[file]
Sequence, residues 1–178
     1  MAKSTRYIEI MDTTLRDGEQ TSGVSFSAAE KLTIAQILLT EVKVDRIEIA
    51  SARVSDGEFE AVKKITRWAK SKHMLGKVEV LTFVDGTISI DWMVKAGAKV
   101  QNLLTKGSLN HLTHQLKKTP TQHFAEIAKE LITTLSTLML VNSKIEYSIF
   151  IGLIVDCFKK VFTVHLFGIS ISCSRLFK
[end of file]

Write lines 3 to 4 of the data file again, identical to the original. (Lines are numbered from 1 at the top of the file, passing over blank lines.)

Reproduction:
    51  SARVSDGEFE AVKKITRWAK SKHMLGKVEV LTFVDGTISI DWMVKAGAKV
   101  QNLLTKGSLN HLTHQLKKTP TQHFAEIAKE LITTLSTLML VNSKIEYSIF